Updated at 12:56 p.m. PDT to clarify MPAA's arguments.
The film industry in court Tuesday tried to show a federal judge that the software known as RealDVD entrusts its creator, RealNetworks, with the job of protecting digital film copies from piracy.
U.S. District Judge Marilyn Patel resumed hearing testimony in the legal dispute between the largest movie studios and Real. The Motion Picture Association of America claimed in a lawsuit filed last fall that the company's RealDVD software, which enables people to copy DVDs and store them to a hard drive, violates copyright law. Patel halted sales of RealDVD last fall.
Robert Schumann, an expert on securing DVDs who was called to testify by the MPAA, told Patel that RealDVD introduces a set of copy protection schemes for the copies made by RealDVD. The software's copy controls can be altered or removed all together from Real's servers in the form of a software update. Schumann told Patel that those limits could easily be removed all together by buy removing just one line of code.
There is no reason for Real to do such a thing. Schumann was responding to questions from Rohit Singla, an MPAA attorney, who asked Schumann about hypothetical situations apparently to illustrate that Real had, without authorization, assumed the responsibility of protecting the film industry's content and that posed certain risks to Hollywood.
First, Schumann testified that an unlimited number of film copies can be made from a single DVD using RealDVD.
Schumann demonstrated that film copies could be made and moved to a thumb drive. Schumann told the judge, however, that RealDVD's copy protections would limit any copy of the film to play on a maximum of five devices licensed presumably by a RealDVD owner. RealNetworks has long argued that the encryption technology it uses to protect digital copies made by RealDVD is superior to what's found on DVDs.
Singla asked Schumann how easy would it be for Real to change the limit on the number of computers licensed to play a film. Could Real, for example, issue a software update that could raise the limit from five to 50 computers or to remove the limits completely? Schumann said the changes would be simple.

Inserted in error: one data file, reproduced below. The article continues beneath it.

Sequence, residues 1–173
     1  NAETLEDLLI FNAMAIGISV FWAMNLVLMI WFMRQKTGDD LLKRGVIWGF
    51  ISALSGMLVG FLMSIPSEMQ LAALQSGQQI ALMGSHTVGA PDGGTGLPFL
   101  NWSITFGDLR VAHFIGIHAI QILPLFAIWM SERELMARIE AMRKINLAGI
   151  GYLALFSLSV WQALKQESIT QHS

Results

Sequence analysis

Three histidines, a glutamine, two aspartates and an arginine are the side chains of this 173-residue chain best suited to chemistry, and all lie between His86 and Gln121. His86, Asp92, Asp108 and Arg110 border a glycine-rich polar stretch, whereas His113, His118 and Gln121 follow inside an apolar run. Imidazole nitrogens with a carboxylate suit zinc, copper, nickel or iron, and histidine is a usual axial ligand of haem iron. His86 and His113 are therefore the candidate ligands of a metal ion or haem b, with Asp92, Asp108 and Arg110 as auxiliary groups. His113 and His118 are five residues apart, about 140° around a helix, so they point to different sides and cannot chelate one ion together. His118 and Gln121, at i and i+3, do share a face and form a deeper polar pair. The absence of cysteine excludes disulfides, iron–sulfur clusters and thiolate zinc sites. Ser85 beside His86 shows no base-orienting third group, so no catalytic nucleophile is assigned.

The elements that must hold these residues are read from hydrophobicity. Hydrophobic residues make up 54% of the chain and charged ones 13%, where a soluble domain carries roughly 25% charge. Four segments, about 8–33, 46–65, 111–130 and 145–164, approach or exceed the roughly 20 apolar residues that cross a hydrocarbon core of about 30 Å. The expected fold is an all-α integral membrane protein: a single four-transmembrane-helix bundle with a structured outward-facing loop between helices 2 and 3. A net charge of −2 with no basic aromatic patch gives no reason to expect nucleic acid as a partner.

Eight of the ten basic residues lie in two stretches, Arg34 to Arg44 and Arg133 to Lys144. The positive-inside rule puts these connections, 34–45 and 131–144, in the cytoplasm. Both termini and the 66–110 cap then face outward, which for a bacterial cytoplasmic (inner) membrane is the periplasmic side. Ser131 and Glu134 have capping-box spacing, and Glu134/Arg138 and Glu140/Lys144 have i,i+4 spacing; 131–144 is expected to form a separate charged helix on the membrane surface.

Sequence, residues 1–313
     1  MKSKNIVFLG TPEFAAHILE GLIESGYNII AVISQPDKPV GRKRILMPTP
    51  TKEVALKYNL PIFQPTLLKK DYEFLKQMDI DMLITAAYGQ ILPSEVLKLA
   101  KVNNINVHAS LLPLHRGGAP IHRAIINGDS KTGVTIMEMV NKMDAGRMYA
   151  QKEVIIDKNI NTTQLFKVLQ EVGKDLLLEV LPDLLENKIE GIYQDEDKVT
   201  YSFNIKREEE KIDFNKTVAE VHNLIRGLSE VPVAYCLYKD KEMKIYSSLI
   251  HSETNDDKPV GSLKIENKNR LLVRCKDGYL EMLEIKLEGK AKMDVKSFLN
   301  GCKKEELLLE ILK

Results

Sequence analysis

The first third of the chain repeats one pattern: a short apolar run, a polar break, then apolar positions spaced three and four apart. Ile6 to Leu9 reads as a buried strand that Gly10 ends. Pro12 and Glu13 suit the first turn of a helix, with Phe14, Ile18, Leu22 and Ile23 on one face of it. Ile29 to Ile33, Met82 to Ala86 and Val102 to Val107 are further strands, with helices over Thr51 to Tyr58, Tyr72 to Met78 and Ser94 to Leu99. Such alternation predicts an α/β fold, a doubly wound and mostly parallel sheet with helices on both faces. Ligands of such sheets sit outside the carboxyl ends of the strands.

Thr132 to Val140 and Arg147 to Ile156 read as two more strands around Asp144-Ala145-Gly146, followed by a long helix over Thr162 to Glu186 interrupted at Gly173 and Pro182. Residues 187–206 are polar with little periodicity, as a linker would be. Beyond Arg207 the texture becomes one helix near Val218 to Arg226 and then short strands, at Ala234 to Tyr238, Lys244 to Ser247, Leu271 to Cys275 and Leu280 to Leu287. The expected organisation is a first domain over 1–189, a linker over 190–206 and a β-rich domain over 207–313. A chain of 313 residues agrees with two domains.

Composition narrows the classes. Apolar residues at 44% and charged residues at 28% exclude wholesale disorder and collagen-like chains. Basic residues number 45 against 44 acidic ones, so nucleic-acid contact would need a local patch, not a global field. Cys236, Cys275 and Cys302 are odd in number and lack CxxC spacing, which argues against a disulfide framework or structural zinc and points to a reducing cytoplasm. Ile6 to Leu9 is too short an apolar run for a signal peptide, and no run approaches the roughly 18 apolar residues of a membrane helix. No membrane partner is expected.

Singla then asked what it would take for Real to enable copies to play on millions of different devices or any device. Schumann said the change would require "essentially removing one line of code." Such a scenario, regardless of how unlikely, could result in the distribution of an unlimited number of unauthorized film copies.
Real attorneys tried to stop the line of questioning and raised an objection, arguing that discussing what RealDVD could do was irrelevant and asked the judge to stick to with RealDVD's current capabilities. But Patel wanted to hear the testimony and overruled the objection.
The MPAA continues to drum the idea that RealDVD is a piracy threat. Throughout the dispute, Patel has been most animated when discussing copyright issues and unauthorized copies. When she ruled to keep a temporary restraining order in place in October, she worried that RealDVD could lead to mass copying saying "it's impossible to bring back copies once they're out in the market."
The question of whether RealDVD is a security threat to the film industry remains at issue, though it's generally recognized that there is a glut of software available online that enables anyone to make unauthorized copies of DVDs. The question that appears to have the most relevance to the case is whether RealDVD circumvents the encryption technology found on DVDs. A circumvention would violate the Digital Millennium Copyright Act.
Schumann was the first person to testify in Tuesday's hearing and has not yet had a chance to respond. The first witness expected to testify for Real, sometimes later in the afternoon, will be the company's outspoken CEO, Rob Glaser.
Note: I'll be filing updates throughout the hearing.